Transition is the process of getting from one chapter of your life to the next chapter, or even a different book all together. Sometimes the change that requires you to transform your life is expected and welcomed. At other times, it blindsides you and you're left grasping for understanding.
You may be familiar with the obvious transitions: getting married, getting divorced, having a baby or adopting; changing jobs, starting or finishing school, moving, or the loss of a loved one. Transition is also required when you're newly diagnosed with a disease or health condition, or when your physical abilities change due to illness, accident or age.
Change is necessary to life and here are my Rules to Transition by:
Make a Plan. Take the time to think about your desired outcome, what might happen and, more importantly, what you think needs to happen to get your outcome. Where do your organizing efforts fit in? I like to mind map (a visual way to organize my thoughts) in the planning stage, then I create a list of actions to take. Because you're in transition, your plan will need to evolve with you. Keep your to-do list short (3 - 5) and return to this step often. Want more help on to-do lists check out Juggling: The Art of Time Management.
Prioritize your responsibilities. Prioritize your organizing & maintenance efforts. You cannot do everything you were doing before the transition on top of what you need to do now. Expect to add, change or eliminate responsibilities (at least temporarily). Pick the tasks that are most necessary to your functioning AND to your mental and physical health. Check out 3 Powerful Questions to Reach Your Goal. Though these three questions were originally applied to goals, you can use them to focus on getting through your transition also.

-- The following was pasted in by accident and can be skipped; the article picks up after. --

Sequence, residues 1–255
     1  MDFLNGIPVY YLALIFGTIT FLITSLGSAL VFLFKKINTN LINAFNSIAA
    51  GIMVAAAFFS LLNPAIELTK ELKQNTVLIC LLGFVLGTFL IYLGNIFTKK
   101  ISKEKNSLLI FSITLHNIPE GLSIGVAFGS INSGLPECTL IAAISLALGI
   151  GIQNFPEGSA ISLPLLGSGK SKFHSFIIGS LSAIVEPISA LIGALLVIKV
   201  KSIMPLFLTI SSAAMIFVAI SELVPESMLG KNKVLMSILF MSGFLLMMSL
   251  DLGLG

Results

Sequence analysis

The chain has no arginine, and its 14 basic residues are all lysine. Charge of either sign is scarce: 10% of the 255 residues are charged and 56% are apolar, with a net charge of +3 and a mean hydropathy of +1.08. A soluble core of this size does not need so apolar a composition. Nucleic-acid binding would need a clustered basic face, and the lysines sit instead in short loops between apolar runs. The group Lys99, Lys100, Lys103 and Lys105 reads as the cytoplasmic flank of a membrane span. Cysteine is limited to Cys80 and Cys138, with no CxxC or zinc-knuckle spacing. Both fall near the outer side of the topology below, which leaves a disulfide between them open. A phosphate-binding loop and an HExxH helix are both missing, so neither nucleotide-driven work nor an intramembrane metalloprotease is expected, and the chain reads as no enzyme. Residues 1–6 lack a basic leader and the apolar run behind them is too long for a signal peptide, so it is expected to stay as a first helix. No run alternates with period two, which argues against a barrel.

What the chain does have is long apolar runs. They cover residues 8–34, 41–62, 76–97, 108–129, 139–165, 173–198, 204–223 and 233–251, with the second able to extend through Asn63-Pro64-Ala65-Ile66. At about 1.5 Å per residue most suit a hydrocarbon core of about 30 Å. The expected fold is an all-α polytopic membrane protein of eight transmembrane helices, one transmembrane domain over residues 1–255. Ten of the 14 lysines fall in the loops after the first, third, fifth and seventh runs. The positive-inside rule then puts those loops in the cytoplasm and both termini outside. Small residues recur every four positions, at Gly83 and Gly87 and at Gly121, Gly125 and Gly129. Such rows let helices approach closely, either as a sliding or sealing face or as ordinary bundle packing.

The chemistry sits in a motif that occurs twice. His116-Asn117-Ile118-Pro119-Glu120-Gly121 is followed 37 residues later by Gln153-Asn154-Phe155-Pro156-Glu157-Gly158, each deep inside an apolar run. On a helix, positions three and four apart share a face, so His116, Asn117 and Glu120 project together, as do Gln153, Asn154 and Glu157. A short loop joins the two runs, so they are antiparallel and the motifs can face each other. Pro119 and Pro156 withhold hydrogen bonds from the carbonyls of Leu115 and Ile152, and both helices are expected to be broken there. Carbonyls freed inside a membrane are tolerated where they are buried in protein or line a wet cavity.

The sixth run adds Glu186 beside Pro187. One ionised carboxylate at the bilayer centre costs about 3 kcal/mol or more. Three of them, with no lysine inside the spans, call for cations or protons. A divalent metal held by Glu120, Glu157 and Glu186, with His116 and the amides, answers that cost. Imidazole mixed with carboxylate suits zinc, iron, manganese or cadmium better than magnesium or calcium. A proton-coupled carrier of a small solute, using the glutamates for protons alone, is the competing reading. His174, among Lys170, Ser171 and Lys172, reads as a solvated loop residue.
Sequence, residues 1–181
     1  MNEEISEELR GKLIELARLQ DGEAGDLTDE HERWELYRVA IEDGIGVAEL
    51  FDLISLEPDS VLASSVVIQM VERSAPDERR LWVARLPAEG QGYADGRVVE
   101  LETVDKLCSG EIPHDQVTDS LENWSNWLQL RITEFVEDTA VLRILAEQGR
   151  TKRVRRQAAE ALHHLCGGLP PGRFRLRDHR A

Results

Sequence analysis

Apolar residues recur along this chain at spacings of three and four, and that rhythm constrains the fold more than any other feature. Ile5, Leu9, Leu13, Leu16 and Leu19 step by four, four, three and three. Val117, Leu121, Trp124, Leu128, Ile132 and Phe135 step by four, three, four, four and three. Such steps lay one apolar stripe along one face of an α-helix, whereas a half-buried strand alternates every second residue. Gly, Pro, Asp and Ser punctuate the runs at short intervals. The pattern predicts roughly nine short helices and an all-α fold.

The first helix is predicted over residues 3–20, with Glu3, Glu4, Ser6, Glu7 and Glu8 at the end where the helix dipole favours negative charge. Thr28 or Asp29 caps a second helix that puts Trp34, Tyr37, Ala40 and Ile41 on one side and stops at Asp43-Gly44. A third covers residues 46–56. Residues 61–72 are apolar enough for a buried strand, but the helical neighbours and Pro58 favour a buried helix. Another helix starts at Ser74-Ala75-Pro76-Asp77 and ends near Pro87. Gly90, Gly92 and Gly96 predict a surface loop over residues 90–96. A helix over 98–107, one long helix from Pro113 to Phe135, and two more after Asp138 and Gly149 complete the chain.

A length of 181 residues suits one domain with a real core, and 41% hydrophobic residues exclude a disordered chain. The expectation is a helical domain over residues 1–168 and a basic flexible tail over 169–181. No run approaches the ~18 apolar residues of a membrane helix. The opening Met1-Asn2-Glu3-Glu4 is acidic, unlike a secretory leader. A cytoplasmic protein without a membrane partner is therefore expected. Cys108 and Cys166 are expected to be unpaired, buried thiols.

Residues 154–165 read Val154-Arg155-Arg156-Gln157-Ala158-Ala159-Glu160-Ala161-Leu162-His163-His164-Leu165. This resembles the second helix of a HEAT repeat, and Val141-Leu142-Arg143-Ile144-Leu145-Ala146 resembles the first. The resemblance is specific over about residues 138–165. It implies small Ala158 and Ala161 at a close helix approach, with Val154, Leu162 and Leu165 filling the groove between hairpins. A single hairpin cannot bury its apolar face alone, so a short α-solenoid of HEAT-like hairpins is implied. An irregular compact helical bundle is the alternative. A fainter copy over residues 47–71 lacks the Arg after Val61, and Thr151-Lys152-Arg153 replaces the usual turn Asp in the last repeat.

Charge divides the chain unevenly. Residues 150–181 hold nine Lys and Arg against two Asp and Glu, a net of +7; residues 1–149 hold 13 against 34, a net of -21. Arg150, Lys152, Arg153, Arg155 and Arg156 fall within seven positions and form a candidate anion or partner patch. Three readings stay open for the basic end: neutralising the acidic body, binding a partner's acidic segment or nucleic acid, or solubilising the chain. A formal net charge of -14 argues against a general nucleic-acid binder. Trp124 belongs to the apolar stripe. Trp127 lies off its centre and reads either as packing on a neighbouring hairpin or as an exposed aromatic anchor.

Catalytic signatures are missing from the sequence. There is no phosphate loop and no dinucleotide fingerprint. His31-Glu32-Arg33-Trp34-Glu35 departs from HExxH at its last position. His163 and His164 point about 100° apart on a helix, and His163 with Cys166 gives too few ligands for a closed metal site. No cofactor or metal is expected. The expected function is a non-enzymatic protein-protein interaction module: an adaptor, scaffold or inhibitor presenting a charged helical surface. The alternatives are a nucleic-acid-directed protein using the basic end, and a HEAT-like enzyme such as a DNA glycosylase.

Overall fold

Accept that it will take longer to get settled than you think; that it won't be as easy as you expect (or hope); and that unexpected things will happen to derail your good intentions. It may be time to get realistic about how long things really take. Find out more here.
Give yourself time to grieve what was. Even if the transition is expected and desired, transitions require you to leave something behind. Give yourself time to acknowledge that loss so you can celebrate what is to come. Loss, Grief and Organization
Focus on the positive. Whether or not the transition was of your making, focusing on the positive aspects will help you move forward, unless you prefer to live with pain and unhappiness. Though the transition may not be your choice, how you respond in the end is entirely your choice.
Redefine success. A month ago, success may have been clearing out your spare room and keeping the kitchen table clear. This week, success may be keeping the kitchen table clear or maybe just finding your keys each morning. 3 Thoughts to Take into the New Year
Think of how you can transition and get where you want to go. If you would like my support and assistance in your transition please email, firstname.lastname@example.org or call, 808.937.9338.
You Can! get your dhucks in a row.